I Made an Enzo Mari Table and So Can You

My friend John came over last week with a stack of 2x6s that have been sitting in his yard for awhile and we spent the day making one of Italian artist and furniture designer Enzo Mari’s tables.

A few years ago a reader tipped me off to Mari’s book Autoprogettazione, a difficult to translate neologism that means, literally, “self-design”. The book (free download here) contains a suite of furniture that Mari describes as a “project for making easy-to-assemble furniture using rough boards and nails.” With just rudimentary tools, pretty much anyone could use his book to furnish their own house. John and I built the base of this table in a day and I added the top the next day. This is significantly faster than the fussy hardwood arts and crafts stuff I usually make, which can take months to complete just one piece.

You don’t need a wood shop to make Mari’s furniture. That said, John and I were able to reclaim some of his twisted 2x6s using my jointer, planer and table saw. But here’s where things get confusing. European readers please correct me if I’m wrong here, but when Mari calls for a 25mm x 50mm piece of lumber he means literally that, what would be 1-inch by 2-inches in our convoluted imperial measurements. The problem is that a “1×2” on this side of the pond is actually 3/4-inch by 1 1/2-inch. The luxury of having woodworking tools is that I can plane down larger pieces of wood to make any dimension that I need, so we were able to make the 25mm x 50mm stock Mari calls for from our larger “2x6s”. But if you’re not fortunate enough to have these expensive tools, I think it would be easy to make this same table with slightly thinner wood, fresh from the lumber yard, without any significant sacrifice in strength.

Mari’s designs take their inspiration from American house framing which replaced earlier timber framing methods. Balloon framing, and its more fire-safe 20th century replacement, platform framing, democratize construction and put building in the hands of anyone with a hammer and nails. The clever thing about Mari’s furniture is that it exposes the framing that’s normally hidden in a way that’s both aesthetically pleasing and functional, a bit like Frank Gehry’s early work. Mari’s furniture is based on triangular bracing that he imagined could be applied to any piece. He imagined that if you wanted a custom piece you could use this principle to make anything, hence the notion of “self-design”.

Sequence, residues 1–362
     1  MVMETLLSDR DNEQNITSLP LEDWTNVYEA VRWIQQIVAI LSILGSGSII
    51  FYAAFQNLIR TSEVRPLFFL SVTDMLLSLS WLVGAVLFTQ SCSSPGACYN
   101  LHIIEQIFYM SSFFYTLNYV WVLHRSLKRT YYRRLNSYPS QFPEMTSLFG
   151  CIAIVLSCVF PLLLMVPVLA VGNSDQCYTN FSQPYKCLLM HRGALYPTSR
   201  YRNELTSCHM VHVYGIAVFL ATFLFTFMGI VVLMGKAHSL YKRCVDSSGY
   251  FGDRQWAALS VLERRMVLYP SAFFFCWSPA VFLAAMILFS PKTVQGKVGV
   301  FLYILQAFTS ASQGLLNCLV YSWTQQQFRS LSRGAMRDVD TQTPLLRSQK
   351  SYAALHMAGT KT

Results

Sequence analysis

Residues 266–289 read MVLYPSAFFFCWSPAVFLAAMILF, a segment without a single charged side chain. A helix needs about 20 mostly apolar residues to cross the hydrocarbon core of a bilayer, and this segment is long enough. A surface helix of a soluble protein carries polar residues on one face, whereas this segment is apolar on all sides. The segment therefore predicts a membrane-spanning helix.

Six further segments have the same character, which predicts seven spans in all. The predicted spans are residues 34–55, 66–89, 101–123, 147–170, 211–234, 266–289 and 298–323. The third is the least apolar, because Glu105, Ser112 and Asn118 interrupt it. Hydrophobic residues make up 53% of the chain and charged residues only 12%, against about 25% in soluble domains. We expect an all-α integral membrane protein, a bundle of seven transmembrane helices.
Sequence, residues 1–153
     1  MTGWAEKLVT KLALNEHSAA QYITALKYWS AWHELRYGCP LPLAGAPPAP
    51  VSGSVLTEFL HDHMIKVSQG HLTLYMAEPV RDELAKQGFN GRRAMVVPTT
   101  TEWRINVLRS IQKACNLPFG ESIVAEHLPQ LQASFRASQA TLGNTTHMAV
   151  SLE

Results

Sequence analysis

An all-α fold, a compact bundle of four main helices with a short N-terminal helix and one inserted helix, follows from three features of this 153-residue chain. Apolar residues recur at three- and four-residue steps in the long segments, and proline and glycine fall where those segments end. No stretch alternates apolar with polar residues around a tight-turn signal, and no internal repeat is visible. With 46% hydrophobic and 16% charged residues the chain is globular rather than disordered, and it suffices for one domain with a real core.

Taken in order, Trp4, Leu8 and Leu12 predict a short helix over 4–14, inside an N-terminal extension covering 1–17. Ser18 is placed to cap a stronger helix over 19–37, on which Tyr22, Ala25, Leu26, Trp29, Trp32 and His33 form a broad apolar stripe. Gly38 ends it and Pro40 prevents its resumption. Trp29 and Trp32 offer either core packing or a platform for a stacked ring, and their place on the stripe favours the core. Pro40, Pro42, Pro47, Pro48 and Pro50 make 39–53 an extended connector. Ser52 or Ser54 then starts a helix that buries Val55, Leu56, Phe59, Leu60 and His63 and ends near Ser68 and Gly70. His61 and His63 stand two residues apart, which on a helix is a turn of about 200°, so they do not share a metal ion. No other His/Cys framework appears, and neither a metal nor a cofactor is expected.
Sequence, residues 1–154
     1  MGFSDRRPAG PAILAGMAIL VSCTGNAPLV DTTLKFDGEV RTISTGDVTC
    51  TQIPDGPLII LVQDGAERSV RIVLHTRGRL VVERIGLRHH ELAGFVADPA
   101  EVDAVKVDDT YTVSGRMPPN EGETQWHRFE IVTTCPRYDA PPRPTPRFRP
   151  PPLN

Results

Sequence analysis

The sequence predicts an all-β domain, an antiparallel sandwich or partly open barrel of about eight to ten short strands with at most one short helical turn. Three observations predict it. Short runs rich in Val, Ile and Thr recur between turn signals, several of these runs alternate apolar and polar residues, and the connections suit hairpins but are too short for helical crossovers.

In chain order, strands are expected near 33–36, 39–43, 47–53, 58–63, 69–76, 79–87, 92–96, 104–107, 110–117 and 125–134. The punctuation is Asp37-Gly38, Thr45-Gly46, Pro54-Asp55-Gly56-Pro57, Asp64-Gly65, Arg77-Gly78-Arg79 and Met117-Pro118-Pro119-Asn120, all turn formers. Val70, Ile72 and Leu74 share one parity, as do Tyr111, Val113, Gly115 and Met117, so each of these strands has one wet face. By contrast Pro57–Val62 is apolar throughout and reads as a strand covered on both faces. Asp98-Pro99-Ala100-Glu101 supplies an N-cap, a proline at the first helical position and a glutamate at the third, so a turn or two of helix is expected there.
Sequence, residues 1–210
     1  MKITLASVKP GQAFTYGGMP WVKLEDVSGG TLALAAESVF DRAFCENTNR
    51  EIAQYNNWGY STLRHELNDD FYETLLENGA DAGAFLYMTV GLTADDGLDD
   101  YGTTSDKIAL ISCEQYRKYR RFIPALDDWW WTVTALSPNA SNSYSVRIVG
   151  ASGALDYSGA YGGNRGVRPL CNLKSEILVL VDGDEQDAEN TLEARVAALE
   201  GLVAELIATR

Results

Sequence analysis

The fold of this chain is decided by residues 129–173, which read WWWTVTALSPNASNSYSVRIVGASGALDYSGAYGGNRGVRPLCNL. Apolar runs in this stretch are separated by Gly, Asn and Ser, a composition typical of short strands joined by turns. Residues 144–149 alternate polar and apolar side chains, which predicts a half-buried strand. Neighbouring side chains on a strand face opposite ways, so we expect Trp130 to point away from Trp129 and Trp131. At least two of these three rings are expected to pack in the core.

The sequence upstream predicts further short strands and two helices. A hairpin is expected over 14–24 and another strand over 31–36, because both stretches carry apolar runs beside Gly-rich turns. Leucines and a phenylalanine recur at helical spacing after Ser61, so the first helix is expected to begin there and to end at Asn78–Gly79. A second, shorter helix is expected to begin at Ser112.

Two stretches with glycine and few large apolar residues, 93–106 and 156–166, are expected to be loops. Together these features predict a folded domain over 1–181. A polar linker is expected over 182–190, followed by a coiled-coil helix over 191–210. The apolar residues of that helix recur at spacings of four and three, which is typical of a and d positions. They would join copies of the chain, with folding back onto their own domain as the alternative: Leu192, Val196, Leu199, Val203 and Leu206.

Mari struggles with many contradictions in the text that accompanies the designs. Will a table inspired by framing appeal to workers who actually frame things or just well to do hobbyists such as myself? Probably the latter. He also points out that industrially made furniture requires less material than the examples in this book.

I experienced my own contradictions making this table. Using reclaimed lumber meant the base was free but the decking material used for the top (it’s an outdoor table) was expensive. And my little modernist experiments in furniture–this table and my Gerrit Rietveld chairs–live outside, while a Medievalist arts and crafts fantasy plays out in the furniture I’ve build for the inside of the house. Such is the fate of attempts at revolutionary design within our post-modern age. Everything gets subsumed within a vast parade of styles and one can easily imagine this table on sale at Urban Outfitters at your local mall. Mari, who we lost to COVID in 2020, had the genius and grace to acknowledge the contradictions in his own work while not letting this discourse get in the way of making objects of usefulness and beauty and helping others to have nice things at a reasonable cost.

Leave a comment


  1. The table is attractive enough but most of what I see is the difficulty of dusting the thing. So many surfaces that hold dust. Maybe outdoors that is not such an issue, but inside a home we like not to accumulate dust on our furnishings.

    • This is, indeed, a problem with this table. I’ve found that, in addition to dust and dirt, a big problem with outdoor furniture is cobwebs. No doubt, I’ll be sweeping the underside of this table frequently.

  2. IMO the whole Mari’s work aims to highlight the strength of simple, and accessible, materials. Each piece contributes in doing so, even if some could be removed. Leading us to question about how strong we need the furniture to be. I also found the whole idea to be too rigid to my taste, and more recently moved onto the GridBeam and OpenStructures systems. They both seems more functional, and are built around re-usability which make their appeal. The downside being a higher entry investment as one needs to drill so much holes.

    • Thank you for these excellent links LeJun! I’m going to incorporate them in a follow up post.

    • I made an outdoor table from 2x4s (from an Ana White plan, as I had not seen Mari’s plans). My table is a bit heavier, and I would have liked a lighter look. I did manage to come up with a good quality top for free. The previous owner of my house left a dilapidated cedar wardrobe in my garage. The two sides of it made a perfect top, and the rest of it became various other outdoor furniture.

Leave a Reply

Your email address will not be published. Required fields are marked *